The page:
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Written By Ellie BrooksPublished 09/12/22
Real estate transactions are complicated and stressful, and buyers and sellers eagerly anticipate the closing date stipulated in their contract. It is wise to temper your expectations, however. If you’re buying or selling a home, you may find your closing date delayed for any number of reasons.
This article will review some potential causes for real estate closing delays. If you’re aware of the obstacles you could encounter, you’re less likely to be taken by surprise.
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The average home sale takes 30 to 45 days. This timeline applies to standard transactions that require mortgage applications, appraisals, inspections, and insurance. Cash transactions that don’t require a lender can close much more quickly. Conversely, sales that include first-time buyer programs or backing from the Federal Housing Administration involve more paperwork and can consequently take two months or more to close. The personal needs of the buyers or sellers can also contribute to a closing taking longer than usual.
Many people could abide a prolonged closing if they had anticipated it. Unexpectedly delayed closings are often more frustrating. Here’s why you might find your closing delayed.
A real estate title asserts someone’s legal right of ownership of a property. This is a little different than a deed, which is a physical document. There could be title issues that even the seller is unaware of, and this can precipitate legal complications that inevitably delay a closing.
Title issues can include liens on the property or unpaid property taxes. There could be unresolved disputes over who owns or inherited the property. Fraudulent or illegal deeds are possible. Even minor errors in public records can cause significant confusion, putting a transaction on hold until everything is sorted out.
A seller may be able to get ahead of title problems by having a real estate attorney track the home’s title history.
An instrument survey reflects a property’s boundaries. A survey may bring to light a property dispute or boundary encroachment. For example, a fence, wall, driveway, home, or detached structure may encroach on a neighbor’s property.
Some property disputes are resolved quickly and amicably, but others can persist, putting a real estate closing in jeopardy. All interested parties must sign an affidavit that reflects their resolution of the dispute before a home sale can be completed.
Delayed financing is another common cause of prolonged sales. Buyers may be preapproved for a home loan, but they must submit a formal application with a host of personal documents before a lender will officially approve them for a mortgage. These documents often include the following:
A closing delayed due to lender issues could be because the buyer is having trouble obtaining all the documents required to complete a mortgage application. The lender may also request additional information or documentation from the buyer. Another possibility is that the lender has outright denied a mortgage after a more thorough review of the buyer’s finances and history.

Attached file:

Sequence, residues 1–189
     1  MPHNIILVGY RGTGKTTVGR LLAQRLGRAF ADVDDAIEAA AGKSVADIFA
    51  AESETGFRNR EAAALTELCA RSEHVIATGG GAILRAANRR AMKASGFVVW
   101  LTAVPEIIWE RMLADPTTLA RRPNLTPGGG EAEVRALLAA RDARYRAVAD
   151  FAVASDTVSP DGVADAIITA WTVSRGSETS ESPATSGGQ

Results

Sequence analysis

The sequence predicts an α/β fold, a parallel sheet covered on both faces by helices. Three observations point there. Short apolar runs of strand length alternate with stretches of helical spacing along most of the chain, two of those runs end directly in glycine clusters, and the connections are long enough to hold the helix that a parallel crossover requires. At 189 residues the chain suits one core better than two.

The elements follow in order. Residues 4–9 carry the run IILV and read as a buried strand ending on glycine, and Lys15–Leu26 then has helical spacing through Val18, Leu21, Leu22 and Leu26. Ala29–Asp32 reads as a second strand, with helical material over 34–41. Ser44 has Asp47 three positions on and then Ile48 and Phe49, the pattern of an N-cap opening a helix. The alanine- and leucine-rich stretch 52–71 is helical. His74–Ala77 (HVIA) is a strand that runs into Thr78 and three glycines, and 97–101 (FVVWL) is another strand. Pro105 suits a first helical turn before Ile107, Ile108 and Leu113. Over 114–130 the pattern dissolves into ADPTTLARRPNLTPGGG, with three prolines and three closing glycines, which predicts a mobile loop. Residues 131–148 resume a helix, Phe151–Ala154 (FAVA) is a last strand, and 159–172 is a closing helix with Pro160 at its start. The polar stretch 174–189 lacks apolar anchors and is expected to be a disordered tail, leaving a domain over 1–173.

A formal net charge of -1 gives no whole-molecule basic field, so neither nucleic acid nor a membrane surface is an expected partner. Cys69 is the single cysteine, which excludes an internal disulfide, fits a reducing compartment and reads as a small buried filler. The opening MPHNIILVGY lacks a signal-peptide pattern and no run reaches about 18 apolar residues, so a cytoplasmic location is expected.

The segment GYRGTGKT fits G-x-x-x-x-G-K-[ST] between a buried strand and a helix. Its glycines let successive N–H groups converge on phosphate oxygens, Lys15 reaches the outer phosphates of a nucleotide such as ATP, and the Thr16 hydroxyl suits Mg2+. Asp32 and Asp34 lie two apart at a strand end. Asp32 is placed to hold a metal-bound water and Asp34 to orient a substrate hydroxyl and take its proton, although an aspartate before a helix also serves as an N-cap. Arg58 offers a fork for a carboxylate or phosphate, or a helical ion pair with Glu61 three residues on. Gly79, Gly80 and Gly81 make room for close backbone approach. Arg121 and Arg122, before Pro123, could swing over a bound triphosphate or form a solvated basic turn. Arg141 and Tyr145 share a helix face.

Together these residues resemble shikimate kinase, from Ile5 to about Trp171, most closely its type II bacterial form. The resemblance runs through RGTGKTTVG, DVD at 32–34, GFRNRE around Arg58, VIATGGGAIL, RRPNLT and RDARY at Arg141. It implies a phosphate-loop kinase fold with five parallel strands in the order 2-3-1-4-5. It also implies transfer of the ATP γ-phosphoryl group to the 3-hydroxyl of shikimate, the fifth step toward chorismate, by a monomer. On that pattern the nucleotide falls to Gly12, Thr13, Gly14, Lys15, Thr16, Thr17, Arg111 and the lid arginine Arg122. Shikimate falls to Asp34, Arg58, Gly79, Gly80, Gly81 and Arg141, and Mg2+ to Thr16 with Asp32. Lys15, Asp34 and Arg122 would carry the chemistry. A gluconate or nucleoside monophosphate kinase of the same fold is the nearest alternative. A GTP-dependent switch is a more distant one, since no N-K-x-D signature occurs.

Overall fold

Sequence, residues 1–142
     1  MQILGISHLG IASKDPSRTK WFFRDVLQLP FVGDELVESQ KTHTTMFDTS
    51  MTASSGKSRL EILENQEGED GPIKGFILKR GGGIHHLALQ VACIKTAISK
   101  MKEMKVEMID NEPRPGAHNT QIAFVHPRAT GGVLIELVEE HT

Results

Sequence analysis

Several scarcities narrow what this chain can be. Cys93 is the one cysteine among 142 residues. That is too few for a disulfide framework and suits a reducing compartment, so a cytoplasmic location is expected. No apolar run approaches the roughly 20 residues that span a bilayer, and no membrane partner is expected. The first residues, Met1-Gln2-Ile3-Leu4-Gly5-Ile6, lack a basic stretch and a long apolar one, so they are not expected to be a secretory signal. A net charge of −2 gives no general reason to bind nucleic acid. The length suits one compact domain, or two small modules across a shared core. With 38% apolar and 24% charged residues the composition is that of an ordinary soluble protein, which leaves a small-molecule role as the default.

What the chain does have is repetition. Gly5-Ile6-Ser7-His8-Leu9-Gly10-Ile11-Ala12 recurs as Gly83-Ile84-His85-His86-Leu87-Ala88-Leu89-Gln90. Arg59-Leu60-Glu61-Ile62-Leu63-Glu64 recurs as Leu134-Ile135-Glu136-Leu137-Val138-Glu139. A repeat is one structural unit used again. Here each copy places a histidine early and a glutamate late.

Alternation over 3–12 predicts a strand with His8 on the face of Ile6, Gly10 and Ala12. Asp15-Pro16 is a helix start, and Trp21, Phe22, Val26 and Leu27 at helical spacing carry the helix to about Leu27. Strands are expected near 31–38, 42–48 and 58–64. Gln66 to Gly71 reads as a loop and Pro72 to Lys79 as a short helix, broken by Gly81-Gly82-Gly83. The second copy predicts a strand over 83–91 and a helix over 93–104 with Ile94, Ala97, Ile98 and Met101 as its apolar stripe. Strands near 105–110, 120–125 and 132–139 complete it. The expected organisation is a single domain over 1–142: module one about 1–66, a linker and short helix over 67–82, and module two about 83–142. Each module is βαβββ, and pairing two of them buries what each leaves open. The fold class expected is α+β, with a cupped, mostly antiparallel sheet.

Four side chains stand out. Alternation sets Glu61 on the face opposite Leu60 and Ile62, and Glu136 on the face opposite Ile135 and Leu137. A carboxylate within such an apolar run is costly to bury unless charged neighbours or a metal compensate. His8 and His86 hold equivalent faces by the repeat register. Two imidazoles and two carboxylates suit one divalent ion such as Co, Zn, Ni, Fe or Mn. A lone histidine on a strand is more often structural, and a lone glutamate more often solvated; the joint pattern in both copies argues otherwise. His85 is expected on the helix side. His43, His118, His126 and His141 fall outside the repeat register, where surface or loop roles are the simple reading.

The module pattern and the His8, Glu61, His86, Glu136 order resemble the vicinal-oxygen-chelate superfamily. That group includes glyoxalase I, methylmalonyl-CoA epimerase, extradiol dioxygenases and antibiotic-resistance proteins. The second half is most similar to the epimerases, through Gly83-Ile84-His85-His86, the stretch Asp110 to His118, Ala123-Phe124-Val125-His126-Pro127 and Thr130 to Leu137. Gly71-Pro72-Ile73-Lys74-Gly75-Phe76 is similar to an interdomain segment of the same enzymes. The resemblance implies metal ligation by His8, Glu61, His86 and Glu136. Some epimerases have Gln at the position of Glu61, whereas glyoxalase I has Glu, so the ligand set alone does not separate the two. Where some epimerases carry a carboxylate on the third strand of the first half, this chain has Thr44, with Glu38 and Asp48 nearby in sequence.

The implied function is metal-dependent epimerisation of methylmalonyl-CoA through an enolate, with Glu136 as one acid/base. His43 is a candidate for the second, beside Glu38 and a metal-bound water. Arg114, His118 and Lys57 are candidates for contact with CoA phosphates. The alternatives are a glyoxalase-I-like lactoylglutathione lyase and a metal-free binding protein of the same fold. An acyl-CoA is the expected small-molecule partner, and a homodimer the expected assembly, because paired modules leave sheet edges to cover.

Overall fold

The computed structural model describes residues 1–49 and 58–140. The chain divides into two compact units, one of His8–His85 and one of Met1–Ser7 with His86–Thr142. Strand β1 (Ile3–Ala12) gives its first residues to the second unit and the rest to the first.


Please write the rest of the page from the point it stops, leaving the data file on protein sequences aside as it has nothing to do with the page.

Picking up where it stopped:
Real estate experts strongly encourage buyers to arrange for a home inspection before closing on a sale. Many mortgage lenders require a home inspection. It’s certainly not a frivolous expense, for a home inspection can uncover significant safety hazards or structural problems that will be expensive to fix.
A home inspection could uncover mold problems, faulty wiring, roof leaks, fire hazards, code violations, cracks in the home’s foundation, and many other potential problems. Even a minor issue can put a closing on hold until the seller resolves the problem to the buyer’s satisfaction.
The buyers may also discover a problem for themselves during the final walk-through of a home. They may observe problems with the plumbing, electrical, or HVAC systems, or notice that the sellers didn’t perform an agreed upon repair or concession. This too can push back the date of the closing.
Mortgage lenders mandate a home appraisal to confirm that a property is worth its sale price. The bank’s appraisal value must match or exceed the home’s sale price. If the appraisal value falls short, the bank will delay the closing.
Sellers could simply bring down their price or complete home repairs to increase the property’s value. Buyers could front the difference between the appraisal value and the original sale price. The parties could also contest the appraisal. Whichever the eventual solution, the closing date will likely move further into the future.
Buyers who miss their agreed upon closing date could be at risk of a delayed closing penalty. This could be a per diem fee due to the seller or the forfeiture of the buyer’s earnest money deposit (the amount of money buyers put down as evidence of their financial ability to purchase a home).
Delayed closings can also result in a breach of contract, allowing either party to walk away from the deal. An aggrieved seller may also sue the buyer for financial damages, or vice versa.
A home warranty has the potential to help with some of the causes of a delayed closing. A warranty can ensure the swift repair of an appliance or system, for instance, which may resolve a problem discovered during the inspection or final walk-through.
Warranties may also increase the sale price of a home or attract more buyers, expediting a sale. Use our site for a free quote on a buyer’s or seller’s home warranty. You can also call (866)-442-0653.